This time last year, one promising north St. Louis County student was in a position that a lot of hopeful college students dream about. He was a high school senior with good grades, a distinguished athlete on his high school wrestling and football teams.
He got into every four-year college he’d applied to before he realized he couldn’t afford any of them. Now 19, he is enrolled at a community college, hoping to make it to a university one day. His mistake was not realizing soon enough that, unlike his peers, he wasn’t eligible for state and financial aid.
Originally from Pakistan, he came to the U.S. 14 years ago with his parents, when he was 5. He is allowed to stay in the U.S. as an undocumented student under the Deferred Action for Childhood Arrivals program, known as DACA. The program extends work permits and deportation relief to those brought to the U.S. as children. Although he is in the U.S. legally, he asked not to be named for fear of employment issues.
“I did everything right to go to college,” he said. “I was raised here. I’ve never been back.”
His status as one of an estimated 13,000 such students in the U.S. who are pursuing a college degree puts him on the wrong side of a lopsided battle with Missouri lawmakers. Legislative leaders propose making it more expensive for undocumented students to go to college even as school leaders say they want to offer access to promising students regardless of their immigration status.
With public colleges limited by state and federal law in how much help they can offer to undocumented students, a number of the state’s private institutions have picked up the slack, offering scholarships and other financial help to noncitizens.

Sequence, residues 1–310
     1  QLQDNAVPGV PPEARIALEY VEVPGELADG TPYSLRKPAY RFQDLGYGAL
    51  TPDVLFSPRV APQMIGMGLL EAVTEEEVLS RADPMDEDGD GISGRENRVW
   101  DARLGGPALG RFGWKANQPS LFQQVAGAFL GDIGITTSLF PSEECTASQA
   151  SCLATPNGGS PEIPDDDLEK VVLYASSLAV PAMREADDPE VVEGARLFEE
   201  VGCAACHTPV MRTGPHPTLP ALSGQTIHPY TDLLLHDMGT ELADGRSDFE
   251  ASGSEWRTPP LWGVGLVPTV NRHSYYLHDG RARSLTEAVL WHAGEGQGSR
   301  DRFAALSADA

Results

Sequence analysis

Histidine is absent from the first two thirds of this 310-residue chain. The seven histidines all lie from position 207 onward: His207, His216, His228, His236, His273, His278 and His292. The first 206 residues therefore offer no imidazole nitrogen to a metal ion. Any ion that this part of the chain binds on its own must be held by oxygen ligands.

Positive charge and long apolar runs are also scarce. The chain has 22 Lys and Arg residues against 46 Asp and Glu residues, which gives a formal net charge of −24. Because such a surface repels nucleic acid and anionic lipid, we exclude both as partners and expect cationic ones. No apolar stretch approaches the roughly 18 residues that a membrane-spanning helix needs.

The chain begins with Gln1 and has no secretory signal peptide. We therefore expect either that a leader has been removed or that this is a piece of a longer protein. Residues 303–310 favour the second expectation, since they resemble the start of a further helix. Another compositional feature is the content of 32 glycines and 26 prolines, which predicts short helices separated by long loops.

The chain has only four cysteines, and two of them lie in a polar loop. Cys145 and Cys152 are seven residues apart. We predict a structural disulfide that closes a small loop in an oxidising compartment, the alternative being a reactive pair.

Missouri’s fight over undocumented students stretches back to last year when current House Budget Committee Vice Chairman Scott Fitzpatrick, R-Shell Knob, successfully included language in the state’s higher education budget barring public colleges and universities from offering in-state tuition to “unlawfully present” students.
His reasoning: Students who are in the country illegally should not receive better tuition rates than legal residents.
This year, legislators are trying to go further. One measure that recently passed the House is a Fitzpatrick-sponsored bill that would require colleges and universities to charge undocumented students the same tuition charged to international students — generally much higher than in-state tuition rates.
The Missouri Senate also recently passed a measure, sponsored by Sen. Gary Romine, R-Farmington, that would not allow undocumented students to receive the state’s A+ scholarships.
In all, legislators have filed five bills this year that would make it more expensive for undocumented students to enroll in one of Missouri’s public colleges or universities.
If legislators are successful, Missouri would buck a national trend. According to the National Immigration Law Center, at least 20 states, up from 16 last year, allow certain undocumented students to receive in-state tuition.